Friday, February 1
Three Ways to Add Tension During Revisions
Tension is vital to all stories, but let’s face it—we don’t always have it in every scene. I’ve written plenty of scenes that moved the plot along, did what I wanted them to do, but were weak on tension, especially in a first draft. I’d guess a lot of first draft scenes lack tension because the focus in often on the story, the setting, or the characters (or any combination of those).
Since authors usually know what is going to happen in a scene and why, it's easy to write all the tension out of a scene. That critical sense of uncertainty is missing. We might not write something because we know it won't affect the outcome of the scene. But that potential outcome can raise the tensions and make the reader wonder what might happen.
Luckily, tension is something you can add during the second draft.
1. Tension between characters
Look at the characters in your scene. If everyone is on the same page and working as one, you could be missing out on potential areas for tension.
Can anyone be actively trying to prevent your protagonist from getting or doing what he wants? Look for people with reasons not to help your protagonist. A clerk who isn’t being helpful. A guard they have to sneak past. A minion of the antagonist with a full-on plan to stop them. Any type of conflict, large or small, that could make the outcome uncertain.
Can anyone disagree with your protagonist? Even if two people want the same thing, they might have different ideas on how to get it. Look for people who might have other ideas about what the protagonist is doing. Maybe they flat out think she’s wrong, or maybe they agree but think she’s going about it the wrong way. Maybe these opposite opinions can make the reader wonder if the protagonist's view is right or not, adding more uncertainty.
Can anyone have an agenda of her own that interferes with your protagonist’s plan? If two guys are after the same girl, one might try to sabotage the other. Or maybe a secondary character thinks she’s protecting the hero by making sure he fails. Even good intentions can create trouble if the person hearing the advice doesn't like it.
Can anyone be keeping things from your protagonist? Secrets are great ways to add uncertainty and keep readers guessing, especially if they suspect that secret could affect the protagonist or his plan. Even something minor that does little more than embarrass a character if he reveals it could keep things interesting.
(More on using secrets to raise tension here)
2. Tensions with the setting
Life doesn’t always play along. It rains when we want to go on a picnic, the restaurant that was supposed to be romantic has a busload of rowdy school kids on a field trip, or the power goes out when we really need that computer. Murphy’s Law happens, and which environment you put your characters into could add some conflict and raise the tension in that scene.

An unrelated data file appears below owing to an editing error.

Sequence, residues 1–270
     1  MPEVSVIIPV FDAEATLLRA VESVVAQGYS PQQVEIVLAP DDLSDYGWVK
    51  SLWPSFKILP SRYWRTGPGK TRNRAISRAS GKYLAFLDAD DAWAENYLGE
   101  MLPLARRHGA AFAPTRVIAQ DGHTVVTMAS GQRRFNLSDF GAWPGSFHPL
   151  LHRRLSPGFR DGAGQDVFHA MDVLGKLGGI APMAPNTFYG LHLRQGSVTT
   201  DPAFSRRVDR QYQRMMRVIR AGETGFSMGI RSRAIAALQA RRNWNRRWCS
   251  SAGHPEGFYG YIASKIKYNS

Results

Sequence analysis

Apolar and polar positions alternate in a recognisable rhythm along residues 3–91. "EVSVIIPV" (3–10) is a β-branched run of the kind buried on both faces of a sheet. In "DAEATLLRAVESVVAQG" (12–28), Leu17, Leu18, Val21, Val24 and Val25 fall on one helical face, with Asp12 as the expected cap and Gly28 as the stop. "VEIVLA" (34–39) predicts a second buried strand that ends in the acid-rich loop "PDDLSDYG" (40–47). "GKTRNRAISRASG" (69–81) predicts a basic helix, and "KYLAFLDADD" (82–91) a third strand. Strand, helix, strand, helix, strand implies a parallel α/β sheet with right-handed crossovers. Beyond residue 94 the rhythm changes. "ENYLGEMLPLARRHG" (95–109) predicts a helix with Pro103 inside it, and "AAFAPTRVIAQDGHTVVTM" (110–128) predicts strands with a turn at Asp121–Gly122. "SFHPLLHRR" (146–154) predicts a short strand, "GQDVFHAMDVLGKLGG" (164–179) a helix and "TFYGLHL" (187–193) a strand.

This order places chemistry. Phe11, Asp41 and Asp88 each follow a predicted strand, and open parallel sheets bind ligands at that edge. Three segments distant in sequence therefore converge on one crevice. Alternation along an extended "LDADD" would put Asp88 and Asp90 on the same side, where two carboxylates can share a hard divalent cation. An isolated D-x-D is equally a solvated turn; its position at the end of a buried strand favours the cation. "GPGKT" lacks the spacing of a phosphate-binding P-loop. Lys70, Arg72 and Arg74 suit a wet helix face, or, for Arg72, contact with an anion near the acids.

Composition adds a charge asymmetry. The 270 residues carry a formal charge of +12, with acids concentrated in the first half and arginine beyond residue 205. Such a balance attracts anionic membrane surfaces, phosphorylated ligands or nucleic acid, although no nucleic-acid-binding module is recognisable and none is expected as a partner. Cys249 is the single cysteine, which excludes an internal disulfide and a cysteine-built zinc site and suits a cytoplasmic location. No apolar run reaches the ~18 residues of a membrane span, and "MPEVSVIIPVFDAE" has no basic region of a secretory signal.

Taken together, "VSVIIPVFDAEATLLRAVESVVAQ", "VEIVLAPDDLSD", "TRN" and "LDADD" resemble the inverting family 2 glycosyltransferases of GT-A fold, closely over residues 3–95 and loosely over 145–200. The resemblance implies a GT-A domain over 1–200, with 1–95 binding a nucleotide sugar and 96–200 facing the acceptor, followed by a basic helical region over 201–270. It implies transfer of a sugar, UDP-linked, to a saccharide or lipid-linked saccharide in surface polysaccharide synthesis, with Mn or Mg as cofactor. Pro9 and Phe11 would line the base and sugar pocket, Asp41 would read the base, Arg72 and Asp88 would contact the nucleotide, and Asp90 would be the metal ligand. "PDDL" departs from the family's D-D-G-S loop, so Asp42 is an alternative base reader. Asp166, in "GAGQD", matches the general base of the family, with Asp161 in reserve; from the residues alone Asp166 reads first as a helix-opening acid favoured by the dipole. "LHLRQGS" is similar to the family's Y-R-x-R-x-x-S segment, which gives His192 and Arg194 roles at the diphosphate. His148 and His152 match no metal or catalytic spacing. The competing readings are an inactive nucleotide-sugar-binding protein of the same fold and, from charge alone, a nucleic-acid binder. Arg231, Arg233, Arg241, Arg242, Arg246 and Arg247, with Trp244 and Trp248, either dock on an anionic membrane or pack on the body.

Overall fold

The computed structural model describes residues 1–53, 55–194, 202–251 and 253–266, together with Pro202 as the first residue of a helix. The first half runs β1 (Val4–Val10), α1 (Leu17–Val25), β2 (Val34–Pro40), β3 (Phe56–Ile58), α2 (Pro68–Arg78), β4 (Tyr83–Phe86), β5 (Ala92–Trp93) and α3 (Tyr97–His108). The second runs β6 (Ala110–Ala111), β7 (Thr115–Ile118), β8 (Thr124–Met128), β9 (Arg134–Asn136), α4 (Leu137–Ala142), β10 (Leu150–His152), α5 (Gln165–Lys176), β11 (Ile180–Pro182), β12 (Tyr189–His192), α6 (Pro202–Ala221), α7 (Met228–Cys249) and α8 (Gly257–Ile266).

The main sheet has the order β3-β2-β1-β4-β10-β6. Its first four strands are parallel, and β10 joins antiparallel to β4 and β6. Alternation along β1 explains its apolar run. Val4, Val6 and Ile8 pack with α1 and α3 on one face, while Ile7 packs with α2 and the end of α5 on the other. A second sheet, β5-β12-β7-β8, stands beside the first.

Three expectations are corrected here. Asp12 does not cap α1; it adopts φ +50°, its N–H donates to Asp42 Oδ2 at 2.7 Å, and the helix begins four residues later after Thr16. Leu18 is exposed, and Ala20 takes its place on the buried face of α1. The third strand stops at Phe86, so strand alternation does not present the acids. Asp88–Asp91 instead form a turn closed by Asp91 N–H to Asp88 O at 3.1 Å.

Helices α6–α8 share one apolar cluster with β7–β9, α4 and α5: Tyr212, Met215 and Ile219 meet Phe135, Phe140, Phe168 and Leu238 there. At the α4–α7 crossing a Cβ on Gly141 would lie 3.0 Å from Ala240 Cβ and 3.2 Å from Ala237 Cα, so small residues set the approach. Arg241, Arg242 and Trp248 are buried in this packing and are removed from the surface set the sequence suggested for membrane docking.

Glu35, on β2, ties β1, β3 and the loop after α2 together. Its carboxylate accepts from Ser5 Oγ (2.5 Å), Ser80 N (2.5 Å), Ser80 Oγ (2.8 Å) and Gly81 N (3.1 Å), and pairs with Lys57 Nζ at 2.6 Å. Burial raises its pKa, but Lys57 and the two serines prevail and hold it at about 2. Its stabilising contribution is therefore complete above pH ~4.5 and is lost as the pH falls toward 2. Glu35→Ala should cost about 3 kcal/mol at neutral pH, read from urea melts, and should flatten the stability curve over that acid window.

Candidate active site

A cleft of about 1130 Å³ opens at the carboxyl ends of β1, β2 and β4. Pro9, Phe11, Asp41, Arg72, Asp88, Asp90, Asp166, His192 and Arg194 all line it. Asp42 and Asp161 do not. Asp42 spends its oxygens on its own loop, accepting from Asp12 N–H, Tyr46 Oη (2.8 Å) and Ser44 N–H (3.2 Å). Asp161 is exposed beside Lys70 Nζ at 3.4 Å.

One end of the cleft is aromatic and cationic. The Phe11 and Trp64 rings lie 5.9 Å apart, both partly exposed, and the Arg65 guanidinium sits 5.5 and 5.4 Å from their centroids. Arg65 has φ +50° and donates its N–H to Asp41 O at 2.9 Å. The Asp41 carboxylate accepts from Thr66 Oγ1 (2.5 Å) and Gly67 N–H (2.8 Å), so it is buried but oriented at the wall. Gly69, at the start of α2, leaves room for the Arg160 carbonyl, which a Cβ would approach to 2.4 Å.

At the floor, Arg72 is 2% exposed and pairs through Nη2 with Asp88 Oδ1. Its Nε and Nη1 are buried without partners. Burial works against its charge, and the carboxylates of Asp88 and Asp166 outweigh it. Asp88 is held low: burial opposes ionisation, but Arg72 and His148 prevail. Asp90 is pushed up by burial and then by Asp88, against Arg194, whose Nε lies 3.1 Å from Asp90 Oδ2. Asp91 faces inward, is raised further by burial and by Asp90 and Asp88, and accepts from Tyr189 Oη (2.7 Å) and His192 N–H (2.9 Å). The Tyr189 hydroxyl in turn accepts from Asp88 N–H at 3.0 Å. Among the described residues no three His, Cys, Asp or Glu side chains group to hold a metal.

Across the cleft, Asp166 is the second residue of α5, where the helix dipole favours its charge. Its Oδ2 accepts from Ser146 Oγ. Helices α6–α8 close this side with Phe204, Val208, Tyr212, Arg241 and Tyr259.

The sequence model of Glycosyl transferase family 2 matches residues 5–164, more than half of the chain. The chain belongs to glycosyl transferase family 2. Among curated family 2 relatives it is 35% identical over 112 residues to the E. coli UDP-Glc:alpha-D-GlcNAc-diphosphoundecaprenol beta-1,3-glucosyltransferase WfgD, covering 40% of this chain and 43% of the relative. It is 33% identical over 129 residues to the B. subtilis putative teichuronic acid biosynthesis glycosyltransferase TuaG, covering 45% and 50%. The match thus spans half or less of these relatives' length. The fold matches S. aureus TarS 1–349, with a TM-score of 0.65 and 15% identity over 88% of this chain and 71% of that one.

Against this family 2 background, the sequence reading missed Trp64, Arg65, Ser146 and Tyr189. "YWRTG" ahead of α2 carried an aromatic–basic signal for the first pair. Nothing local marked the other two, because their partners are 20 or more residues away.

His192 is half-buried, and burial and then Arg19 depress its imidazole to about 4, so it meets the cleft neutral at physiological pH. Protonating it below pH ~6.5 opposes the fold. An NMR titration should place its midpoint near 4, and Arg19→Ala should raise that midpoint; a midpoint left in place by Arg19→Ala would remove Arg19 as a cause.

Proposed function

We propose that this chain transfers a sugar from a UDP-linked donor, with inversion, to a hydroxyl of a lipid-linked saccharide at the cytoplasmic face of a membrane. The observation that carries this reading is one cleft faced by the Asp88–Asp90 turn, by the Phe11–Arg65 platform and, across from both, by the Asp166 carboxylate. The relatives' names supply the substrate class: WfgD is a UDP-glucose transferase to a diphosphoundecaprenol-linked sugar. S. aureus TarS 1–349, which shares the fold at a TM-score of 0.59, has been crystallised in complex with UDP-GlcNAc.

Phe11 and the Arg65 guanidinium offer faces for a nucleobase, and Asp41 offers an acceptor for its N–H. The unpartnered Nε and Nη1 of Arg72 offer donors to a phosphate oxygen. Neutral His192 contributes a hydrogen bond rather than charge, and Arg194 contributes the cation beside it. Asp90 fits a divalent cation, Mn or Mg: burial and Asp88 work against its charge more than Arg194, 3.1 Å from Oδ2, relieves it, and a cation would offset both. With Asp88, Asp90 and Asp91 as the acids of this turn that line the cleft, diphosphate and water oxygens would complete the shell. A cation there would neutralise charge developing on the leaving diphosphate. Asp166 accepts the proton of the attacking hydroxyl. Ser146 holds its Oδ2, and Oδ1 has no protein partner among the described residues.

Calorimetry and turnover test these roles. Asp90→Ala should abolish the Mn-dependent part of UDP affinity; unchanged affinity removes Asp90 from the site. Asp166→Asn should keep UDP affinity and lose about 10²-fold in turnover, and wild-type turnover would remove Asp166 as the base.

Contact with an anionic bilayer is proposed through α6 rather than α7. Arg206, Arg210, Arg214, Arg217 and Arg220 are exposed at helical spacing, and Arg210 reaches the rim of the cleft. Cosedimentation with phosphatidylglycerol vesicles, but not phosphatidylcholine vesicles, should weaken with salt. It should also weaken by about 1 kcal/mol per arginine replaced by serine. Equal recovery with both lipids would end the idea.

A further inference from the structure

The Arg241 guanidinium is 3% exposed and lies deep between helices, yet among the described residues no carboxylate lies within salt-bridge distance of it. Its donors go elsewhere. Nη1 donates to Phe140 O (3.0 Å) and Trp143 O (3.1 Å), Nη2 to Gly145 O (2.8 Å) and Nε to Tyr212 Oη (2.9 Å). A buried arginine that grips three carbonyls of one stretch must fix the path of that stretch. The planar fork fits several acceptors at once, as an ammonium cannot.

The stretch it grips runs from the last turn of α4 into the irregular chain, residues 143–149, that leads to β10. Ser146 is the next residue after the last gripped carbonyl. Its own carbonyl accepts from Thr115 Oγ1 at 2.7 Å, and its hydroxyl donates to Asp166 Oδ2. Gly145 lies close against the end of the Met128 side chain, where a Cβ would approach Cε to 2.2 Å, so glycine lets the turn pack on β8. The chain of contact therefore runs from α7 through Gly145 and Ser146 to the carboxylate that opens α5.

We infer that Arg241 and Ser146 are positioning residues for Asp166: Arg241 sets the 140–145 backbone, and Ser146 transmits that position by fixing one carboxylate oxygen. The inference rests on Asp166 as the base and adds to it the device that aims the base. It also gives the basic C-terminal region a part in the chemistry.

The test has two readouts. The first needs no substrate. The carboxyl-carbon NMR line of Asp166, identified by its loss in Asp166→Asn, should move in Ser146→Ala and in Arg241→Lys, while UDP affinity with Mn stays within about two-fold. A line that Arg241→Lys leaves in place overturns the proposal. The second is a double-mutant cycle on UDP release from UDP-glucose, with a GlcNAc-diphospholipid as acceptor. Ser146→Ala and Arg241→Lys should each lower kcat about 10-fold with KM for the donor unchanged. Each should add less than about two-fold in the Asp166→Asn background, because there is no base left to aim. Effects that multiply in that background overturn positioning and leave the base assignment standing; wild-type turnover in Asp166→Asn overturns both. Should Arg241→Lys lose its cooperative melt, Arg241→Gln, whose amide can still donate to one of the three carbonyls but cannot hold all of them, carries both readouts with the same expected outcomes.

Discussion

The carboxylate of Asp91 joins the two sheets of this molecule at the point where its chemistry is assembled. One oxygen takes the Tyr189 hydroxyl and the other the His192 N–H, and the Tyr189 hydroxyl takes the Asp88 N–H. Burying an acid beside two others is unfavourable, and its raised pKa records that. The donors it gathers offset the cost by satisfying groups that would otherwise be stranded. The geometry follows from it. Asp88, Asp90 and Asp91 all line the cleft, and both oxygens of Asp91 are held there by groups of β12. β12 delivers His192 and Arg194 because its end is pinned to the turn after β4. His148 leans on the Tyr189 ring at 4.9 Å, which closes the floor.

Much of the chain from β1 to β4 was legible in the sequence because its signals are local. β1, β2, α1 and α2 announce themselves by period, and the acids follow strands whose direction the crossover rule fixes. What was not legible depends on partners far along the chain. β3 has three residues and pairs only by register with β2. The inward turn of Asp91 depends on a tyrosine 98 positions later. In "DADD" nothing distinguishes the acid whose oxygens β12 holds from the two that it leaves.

Can weather be a factor? Someone who's cold and miserable might say things they ordinarily wouldn't. A trip that might be easy in clear weather could be dangerous in bad weather.
Will changing location make the goals harder? Sneaking through a park you grew up next to feels different than sneaking through an area you've never seen before. A new location can add a layer of uncertainty and make your protagonist second guess herself.
Is there a setting or location that causes your characters stress or discomfort? If you protagonist is terrified of heights, forcing them into the air will affect how they'll act.
(More on adding tension through the setting here)
3. Tensions with the self
Sometimes the problem isn't about external forces. A personal struggle can be even more powerful because it's so emotional. Wondering what a character might do in a rough situation is a surefire way to keep tensions high.
Can your protagonist face a moral dilemma? They can get what the need, but they don't really approve of what they'll have to do. They must make a personal sacrifice, and maybe they aren't prepared or ready to do so. Or the cost of that action has far-reaching consequences. Do the ends really justify the means?
Can the right choice require going against their personal beliefs? The "right" answer or course of action is clearly, absolutely in conflict with everything the protagonist knows is right and true. Doing a bad thing for a good cause.
Can the protagonist face something that forces him to address an issue he's been avoiding? A great tension builder for that character who needs to learn a lesson and grow. Characters don't always want to face their demons, but they have no choice if you shove them right up in their faces. And the fallout can be devastating.
Can she face an impossible choice? Impossible choices have no clear answer, which means the reader won't see it coming. Maybe the only way to save the child is to let the mother die. Or something horrible will happen no matter what the protagonist does. If you get your reader thinking, "I have no idea how this is going to turn out," you'll keep them hooked.
Small changes can affect big results, so try starting small and building outward. Look for ways to build tensions on a smaller scale, with simple changes to dialog or how someone reacts to something. You can raise the tension without having to change how a scene unfolds.
(More ways to add tension to a scene here)
What are your favorite ways to add tension to a scene?